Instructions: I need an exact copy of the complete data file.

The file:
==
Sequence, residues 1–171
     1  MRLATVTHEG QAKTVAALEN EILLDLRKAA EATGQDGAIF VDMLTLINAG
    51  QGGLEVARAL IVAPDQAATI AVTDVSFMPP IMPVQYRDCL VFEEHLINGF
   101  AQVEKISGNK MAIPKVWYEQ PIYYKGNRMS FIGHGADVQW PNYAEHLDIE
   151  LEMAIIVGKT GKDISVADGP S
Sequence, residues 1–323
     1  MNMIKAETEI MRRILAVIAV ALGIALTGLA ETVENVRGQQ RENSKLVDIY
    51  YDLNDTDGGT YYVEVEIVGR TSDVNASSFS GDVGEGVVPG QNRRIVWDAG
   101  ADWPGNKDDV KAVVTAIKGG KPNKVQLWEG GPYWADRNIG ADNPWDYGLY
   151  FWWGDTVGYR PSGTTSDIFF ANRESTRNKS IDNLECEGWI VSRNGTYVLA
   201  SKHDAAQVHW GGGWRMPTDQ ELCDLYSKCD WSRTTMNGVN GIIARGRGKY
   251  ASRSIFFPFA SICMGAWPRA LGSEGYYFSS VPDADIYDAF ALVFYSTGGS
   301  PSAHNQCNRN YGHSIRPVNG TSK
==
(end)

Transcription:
Sequence, residues 1–171
     1  MRLATVTHEG QAKTVAALEN EILLDLRKAA EATGQDGAIF VDMLTLINAG
    51  QGGLEVARAL IVAPDQAATI AVTDVSFMPP IMPVQYRDCL VFEEHLINGF
   101  AQVEKISGNK MAIPKVWYEQ PIYYKGNRMS FIGHGADVQW PNYAEHLDIE
   151  LEMAIIVGKT GKDISVADGP S
Sequence, residues 1–323
     1  MNMIKAETEI MRRILAVIAV ALGIALTGLA ETVENVRGQQ RENSKLVDIY
    51  YDLNDTDGGT YYVEVEIVGR TSDVNASSFS GDVGEGVVPG QNRRIVWDAG
   101  ADWPGNKDDV KAVVTAIKGG KPNKVQLWEG GPYWADRNIG ADNPWDYGLY
   151  FWWGDTVGYR PSGTTSDIFF ANRESTRNKS IDNLECEGWI VSRNGTYVLA
   201  SKHDAAQVHW GGGWRMPTDQ ELCDLYSKCD WSRTTMNGVN GIIARGRGKY
   251  ASRSIFFPFA SICMGAWPRA LGSEGYYFSS VPDADIYDAF ALVFYSTGGS
   301  PSAHNQCNRN YGHSIRPVNG TSK